3' Rna Seq Pipeline
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10.3 years ago
k.nirmalraman ★ 1.1k

The following is a very loud brainstorming for a beginner

A custom library prepration protocol, which uses 3' poly T tail primer and 5' random primer to enrich for 3' ends. and then eventually adds the illumina adaptersat the the end...and performs a Illumina HTSEq single end sequencing... The rationale is that the group is not interested in splice variants but merely in quantification of the expression for differential analysis. (organism: mouse)

I was wondering what would be the pipeline that one would use... in this case!

The reads are of length 95 and I trim the barcodes and adapters away and a fine stretch of 35 bases usually when mapped using bowtie yields 70% total reads aligned to transcriptome.

Bowtie Alignment: bowtie -v 3 --best -t ~/RNAseq/RefLibIndex/mouse -p 10 -f <inputfile.fasta> <output.map>

My output file contains entries in the following format with refseqID. outputfile entry format

After I extract the raw read counts thru a custome script from the bowtie output file and I map the refseqID to genesymbol and extract the average/max for each genesymbol as raw counts and perform DESeq differential analysis.

I would like to know:

  1. Is this approach valid, do u see any loop holes here?
  2. To visualise this data in a genome browser to check for 3' enrichment. However, I see that there is no chromosome or index information in the file. I tried to get some information Visualizing Bowtie Output In Genome Browser. However, i couldnt succeed at that... any suggestions will be great... something like the following for visualization.. This one uses IGV Visualisation
  3. Is there any reason why only 70% is mapped to transcriptome, if so, do u think it is normal for this approach, do you think I should also try to align the sequences to genome?

Thanks!

rnaseq pipeline deseq bowtie visualization igv • 5.4k views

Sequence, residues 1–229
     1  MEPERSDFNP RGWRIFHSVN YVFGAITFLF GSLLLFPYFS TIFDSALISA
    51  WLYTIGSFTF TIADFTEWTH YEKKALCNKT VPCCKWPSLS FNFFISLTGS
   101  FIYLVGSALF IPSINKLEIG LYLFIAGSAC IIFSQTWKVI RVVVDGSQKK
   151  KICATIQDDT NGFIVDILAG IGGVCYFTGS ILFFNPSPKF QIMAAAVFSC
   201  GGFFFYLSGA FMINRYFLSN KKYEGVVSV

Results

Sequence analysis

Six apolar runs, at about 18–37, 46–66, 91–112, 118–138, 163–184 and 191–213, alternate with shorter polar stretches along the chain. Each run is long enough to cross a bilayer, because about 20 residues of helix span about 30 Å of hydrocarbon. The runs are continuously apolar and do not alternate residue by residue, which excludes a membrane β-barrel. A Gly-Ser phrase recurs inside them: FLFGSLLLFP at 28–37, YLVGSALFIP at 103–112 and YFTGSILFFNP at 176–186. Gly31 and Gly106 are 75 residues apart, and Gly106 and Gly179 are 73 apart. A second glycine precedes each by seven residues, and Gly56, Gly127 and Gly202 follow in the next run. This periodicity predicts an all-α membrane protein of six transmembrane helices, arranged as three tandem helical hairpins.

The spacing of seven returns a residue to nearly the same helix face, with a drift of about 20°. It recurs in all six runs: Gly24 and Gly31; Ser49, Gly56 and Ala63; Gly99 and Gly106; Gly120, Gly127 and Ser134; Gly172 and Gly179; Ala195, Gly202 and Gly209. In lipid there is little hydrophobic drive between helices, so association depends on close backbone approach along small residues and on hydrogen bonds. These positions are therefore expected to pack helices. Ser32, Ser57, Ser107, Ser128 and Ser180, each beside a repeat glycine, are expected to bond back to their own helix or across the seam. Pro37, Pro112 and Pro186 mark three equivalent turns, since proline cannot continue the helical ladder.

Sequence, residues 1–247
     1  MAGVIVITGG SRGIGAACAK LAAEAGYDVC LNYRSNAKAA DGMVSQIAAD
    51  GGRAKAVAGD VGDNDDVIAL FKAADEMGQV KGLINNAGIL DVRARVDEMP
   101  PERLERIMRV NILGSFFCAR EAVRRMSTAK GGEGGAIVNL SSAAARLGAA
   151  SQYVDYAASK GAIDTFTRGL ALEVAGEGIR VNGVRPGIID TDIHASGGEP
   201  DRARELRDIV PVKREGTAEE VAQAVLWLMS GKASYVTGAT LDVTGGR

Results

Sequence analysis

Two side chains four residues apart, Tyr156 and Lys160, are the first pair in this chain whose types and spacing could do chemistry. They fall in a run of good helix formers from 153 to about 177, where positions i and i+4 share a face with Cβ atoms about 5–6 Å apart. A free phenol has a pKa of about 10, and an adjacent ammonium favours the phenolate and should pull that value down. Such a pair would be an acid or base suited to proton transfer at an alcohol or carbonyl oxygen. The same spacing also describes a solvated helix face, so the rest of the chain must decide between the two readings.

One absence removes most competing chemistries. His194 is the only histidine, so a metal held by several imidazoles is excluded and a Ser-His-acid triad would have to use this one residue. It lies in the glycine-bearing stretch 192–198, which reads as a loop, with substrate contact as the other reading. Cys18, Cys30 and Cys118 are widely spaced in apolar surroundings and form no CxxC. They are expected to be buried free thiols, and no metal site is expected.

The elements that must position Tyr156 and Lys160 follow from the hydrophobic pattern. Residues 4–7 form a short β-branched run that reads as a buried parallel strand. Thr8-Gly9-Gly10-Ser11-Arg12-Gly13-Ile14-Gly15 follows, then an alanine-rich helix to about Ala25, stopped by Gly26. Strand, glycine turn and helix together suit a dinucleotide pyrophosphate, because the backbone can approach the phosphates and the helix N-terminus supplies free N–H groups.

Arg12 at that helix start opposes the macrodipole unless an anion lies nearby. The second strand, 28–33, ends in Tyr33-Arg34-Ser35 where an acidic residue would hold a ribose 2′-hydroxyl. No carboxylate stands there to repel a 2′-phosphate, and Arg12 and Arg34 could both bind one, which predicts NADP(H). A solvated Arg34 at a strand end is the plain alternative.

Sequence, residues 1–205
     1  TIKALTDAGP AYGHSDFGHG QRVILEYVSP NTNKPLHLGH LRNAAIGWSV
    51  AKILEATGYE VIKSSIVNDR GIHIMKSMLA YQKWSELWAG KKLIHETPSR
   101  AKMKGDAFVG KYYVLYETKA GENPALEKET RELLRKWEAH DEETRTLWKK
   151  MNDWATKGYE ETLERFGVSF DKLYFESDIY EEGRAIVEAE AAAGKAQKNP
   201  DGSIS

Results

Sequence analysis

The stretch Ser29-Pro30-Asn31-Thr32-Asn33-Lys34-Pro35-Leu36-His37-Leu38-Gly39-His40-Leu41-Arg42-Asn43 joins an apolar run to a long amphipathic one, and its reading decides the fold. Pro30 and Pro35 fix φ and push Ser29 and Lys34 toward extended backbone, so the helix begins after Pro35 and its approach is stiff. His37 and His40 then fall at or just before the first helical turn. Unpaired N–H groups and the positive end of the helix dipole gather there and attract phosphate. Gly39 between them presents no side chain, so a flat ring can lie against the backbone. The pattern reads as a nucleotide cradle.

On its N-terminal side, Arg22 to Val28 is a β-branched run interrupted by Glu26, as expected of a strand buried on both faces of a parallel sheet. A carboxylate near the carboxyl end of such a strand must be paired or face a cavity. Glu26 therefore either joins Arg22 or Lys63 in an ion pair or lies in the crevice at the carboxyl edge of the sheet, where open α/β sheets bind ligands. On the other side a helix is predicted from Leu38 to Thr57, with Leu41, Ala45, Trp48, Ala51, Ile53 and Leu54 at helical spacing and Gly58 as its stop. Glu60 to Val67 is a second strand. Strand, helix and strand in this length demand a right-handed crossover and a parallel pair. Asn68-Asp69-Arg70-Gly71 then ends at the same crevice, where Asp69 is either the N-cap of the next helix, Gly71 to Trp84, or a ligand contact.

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10.3 years ago
bow ▴ 790
  1. I would still try to map to the genome. Genome alignment (as opposed to transcriptome alignment) lets you map your reads to un-annotated transcripts. If using transcriptome alignment only, you're limited to the set of known transcripts. Also, how did you generate your reference transcriptome? How do you handle transcript isoforms? If you simply take whole sequences of the RefSeq sequences and use them as the reference, you will increase the mapping possibilities for each of your 'tag' (since different transcripts may share the most 3' exon). This may also explain why you're only getting 70% mapped reads.

  2. It seems you have two choices here: rename your SAM/BAM reference indices for each transcript, replacing them with the chromosome name; or use your transcriptome as the genome browser's reference (instead of the usual full genome).

  3. see 1.

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Thanks!!

  1. I have used the refseq sequences to build the transcriptome.... and as much as I understand refseq sequences are basically individual transcripts/isoforms (Correct me if I am wrong).. so this is taken care isnt it...? The reason why I compute average/max of each gene symbol is to derive a better representation of each gene from the data. I shall now try to map unmapped sequences to genome for sure.. thanks for that!

  2. for two can u suggest a little more in detail how can I use the refseq sequences as reference? I am a bit lost here...

arent these just many fasta sequences....This would make make too many references sequences right?? (number of reference sequence = number of refseq Sequences)... unlike genome which is a single long sequence (basically number of sequence here = number of chromosomes, I would assume)...

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You can use tophat for alignment (http://tophat.cbcb.umd.edu/) Also take a look at Cufflinks for quantification (http://cufflinks.cbcb.umd.edu/)

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  1. Hmm..yes, I think you did the right thing. Perhaps another thing to try is to check whether your reads contain adapter sequences (which may affect your mapping percentage since you're doing an end-to-end mapping and also to play around with the -v value.

  2. In IGV, for example, I think you need to create a new .genome file (Genomes -> Create .genome file) out of your reference transcriptome. The same is possible in UCSC genome browser, although you need a local install and setup (which is considerably more complex). There will indeed be many reference sequences, but since your SAM records are indexed by these transcripts, the genome browser needs a reference build of these transcripts too.

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